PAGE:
City Commissioner explains criticism of Albany Police for Stop T -, South Georgia News, Weather, Sports

City Commissioner explains criticism of Albany Police for Stop The Violence

ALBANY, GA (WALB) -  Community leaders worry an Albany city commissioner's harsh criticism of Albany Police could lead to Ferguson, Missouri type violence.
So they asked Commissioner Tommie Postell to explain his critical statements.   
Three weeks ago, Postell startled many when he said some officers "don't give a damn about solving crime" and low morale is plaguing the police department. Tuesday, he stood by his comments.     

Albany Police Captain Benita Childs said "We work hard. We work very hard."  Albany Police Captain Benita Childs defended her co-workers at today's Stop The Violence meeting.

City Commissioner Tommie Postell explained his harsh criticism came as a wave of business burglaries and entering autos gripped the city, and he stands by what he said.

Postell said "I can't satisfy everybody when I make a statement, and I don't intend to."

Postell said that individual officers were coming to him, afraid to criticize because of fear of their jobs. He said his statement was meant about the "heads of the department."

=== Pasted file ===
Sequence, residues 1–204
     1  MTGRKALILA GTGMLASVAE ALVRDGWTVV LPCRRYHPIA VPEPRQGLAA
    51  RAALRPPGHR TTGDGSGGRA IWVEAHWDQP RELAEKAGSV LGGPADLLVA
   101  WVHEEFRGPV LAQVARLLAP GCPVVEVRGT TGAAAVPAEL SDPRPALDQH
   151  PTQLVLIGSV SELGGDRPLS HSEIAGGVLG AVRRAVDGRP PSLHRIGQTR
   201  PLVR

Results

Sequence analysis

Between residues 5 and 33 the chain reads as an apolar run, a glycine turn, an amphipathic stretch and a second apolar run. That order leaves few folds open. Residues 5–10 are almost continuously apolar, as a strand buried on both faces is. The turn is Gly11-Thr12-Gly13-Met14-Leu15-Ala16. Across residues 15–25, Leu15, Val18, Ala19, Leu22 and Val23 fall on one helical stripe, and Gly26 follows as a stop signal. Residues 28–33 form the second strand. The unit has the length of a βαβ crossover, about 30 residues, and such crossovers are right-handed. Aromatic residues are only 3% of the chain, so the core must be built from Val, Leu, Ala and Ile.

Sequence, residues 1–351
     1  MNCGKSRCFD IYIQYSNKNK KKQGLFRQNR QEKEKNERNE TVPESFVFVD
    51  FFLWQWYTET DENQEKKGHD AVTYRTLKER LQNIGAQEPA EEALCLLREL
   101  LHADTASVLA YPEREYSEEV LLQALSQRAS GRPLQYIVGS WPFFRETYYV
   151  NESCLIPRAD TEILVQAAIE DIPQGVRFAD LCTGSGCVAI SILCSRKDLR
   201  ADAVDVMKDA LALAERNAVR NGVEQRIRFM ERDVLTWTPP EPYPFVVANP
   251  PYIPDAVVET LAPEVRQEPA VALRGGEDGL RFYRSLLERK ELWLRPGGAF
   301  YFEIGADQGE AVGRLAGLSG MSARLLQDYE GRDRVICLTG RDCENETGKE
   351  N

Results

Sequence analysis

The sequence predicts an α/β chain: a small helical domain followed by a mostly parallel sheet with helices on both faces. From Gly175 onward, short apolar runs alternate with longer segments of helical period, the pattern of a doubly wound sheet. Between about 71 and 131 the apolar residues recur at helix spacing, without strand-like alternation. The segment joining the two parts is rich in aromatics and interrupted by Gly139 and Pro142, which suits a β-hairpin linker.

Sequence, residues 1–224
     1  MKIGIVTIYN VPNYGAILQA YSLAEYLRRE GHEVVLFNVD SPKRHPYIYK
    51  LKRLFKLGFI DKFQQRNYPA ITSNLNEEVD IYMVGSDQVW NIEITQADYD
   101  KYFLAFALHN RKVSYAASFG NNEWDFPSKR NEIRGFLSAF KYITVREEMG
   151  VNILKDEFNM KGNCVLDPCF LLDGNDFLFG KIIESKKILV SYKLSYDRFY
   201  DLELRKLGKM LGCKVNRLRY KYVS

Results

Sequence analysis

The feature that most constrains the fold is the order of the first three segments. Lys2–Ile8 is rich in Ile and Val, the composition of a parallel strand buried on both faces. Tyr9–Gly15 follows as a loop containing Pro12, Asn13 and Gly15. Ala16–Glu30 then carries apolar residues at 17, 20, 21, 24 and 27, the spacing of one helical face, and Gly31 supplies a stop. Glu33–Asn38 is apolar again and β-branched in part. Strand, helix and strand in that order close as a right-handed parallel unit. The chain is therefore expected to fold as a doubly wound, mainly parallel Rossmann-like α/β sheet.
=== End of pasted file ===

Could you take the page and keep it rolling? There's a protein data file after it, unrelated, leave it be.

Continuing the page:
Postell said "We all realize that we have good policemen.  I know. Everybody know it.  But there are some things that need to be corrected."

After seeing the violence in Ferguson, Missouri, Stop The Violence organizers said they were concerned that Postell's criticism could turn this community against our police.

Stop The Violence Co-Founder Bishop Frederick Williams said "My concern is that we must be very careful what images a statement we put out in the community that may bring some sort of divide. So I'm very concerned about that."

Stop The Violence organizers say for four years they've worked to improve community relations with police.  Postell said he thinks his criticism may have helped Albany's crime fighters.

Postell said "Because I see some activities going on now that probably would not have been going on if I had not said, what I said."

Several people at the meeting stood up to defend the police and their work.

 Commissioner Postell emphasized that his statements were made during a city commission meeting to commissioners, and that his real criticism was directed at department heads, not the officers on the street.  We asked Police Chief John Proctor to comment, but he declined.

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